Russell's paradox

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I understand how the argument goes- let X be the set of all sets which don't contain themselves.
If X contains itself, then X is not in X
If X doesnt contain itself, then X is X


the part i dont understand is, What on earth does it mean for a set to contain itself?

garbage in, garbage out?
 
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It means that the set is an element of itself. For example, an expense list might be viewed as a set of items (the items listed on it). If the expense list itself is listed as an item on the expense list, then that set contains itself.

The resolution is to add a type system which prevents sets from containing themselves, even indirectly.
 
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well the example seems kind of frivolous.
Also, I'm not sure if its quite right. The word "list" has the dual meaning of a set, and a piece of paper which is an expense


Are there any examples involving mathematical objects?
 

Hurkyl

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the part i dont understand is, What on earth does it mean for a set to contain itself?
[tex]X \in X[/tex].


The resolution is to add a type system which prevents sets from containing themselves, even indirectly.
Sets containing themselves don't cause a problem. And even if you want to exclude them, you can just use the axiom of foundation, rather than trying to do something more elaborate.
 
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Could you give a concrete example where X is an element of X
 
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X = {X}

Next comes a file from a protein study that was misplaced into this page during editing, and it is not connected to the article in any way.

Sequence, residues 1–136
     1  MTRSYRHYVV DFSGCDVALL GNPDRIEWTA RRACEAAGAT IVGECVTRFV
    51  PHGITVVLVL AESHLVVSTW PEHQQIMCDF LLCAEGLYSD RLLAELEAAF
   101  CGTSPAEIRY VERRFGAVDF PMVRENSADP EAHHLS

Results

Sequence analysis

No problem there.
 
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If you look at the ZF axioms, it's not too hard to see that there is no set that contains itself.

Suppose X is a set, and consider the set {X}. Now (following Wikipedia, anyway), the axiom of regularity says: "Every non-empty set x contains a member y such that x and y are disjoint sets." Well, {X} is a nonempty set, and its only member is X. Thus, {X} and X are disjoint; since X is in {X}, X is not in X.
 

CRGreathouse

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If you look at the ZF axioms, it's not too hard to see that there is no set that contains itself.

Suppose X is a set, and consider the set {X}. Now (following Wikipedia, anyway), the axiom of regularity says: "Every non-empty set x contains a member y such that x and y are disjoint sets." Well, {X} is a nonempty set, and its only member is X. Thus, {X} and X are disjoint; since X is in {X}, X is not in X.
The axiom of foundation (regularity) doesn't help avoid Russell's paradox. If the paradox can be constructed in a theory X, then it can be constructed in the theory X + foundation (and leads to contradiction, naturally).

Russell's paradox doesn't occur in ZF because such paradoxical sets cannot be constructed in the first place -- the axiom of specification isn't powerful enough.
 
Here's a more practical example.

class LinkedNode
{
public LinkedNode next;
public String data;
...
}

The class in Java defines a "set" which may contain elements, "objects". Saying object A is an instantiation of class B is basically to say that B = {X | X has the given properties} and A is in B.

Here, LinkedNode contains itself. Even if you take a class definition to be a an ordered n-tuple of its properties rather than a set, you still have

(next, data) = {next, {next, data}} or {{next, data}, data} (definition of ordered n-tuple, I think?)

In the first example, next is in LinkedNode because it's the first element in the list... in the second, because it is in the first set, which is in the outside set.

So, despite it all, you can certainly have things like X = {X} and Z = Z x Y...
 

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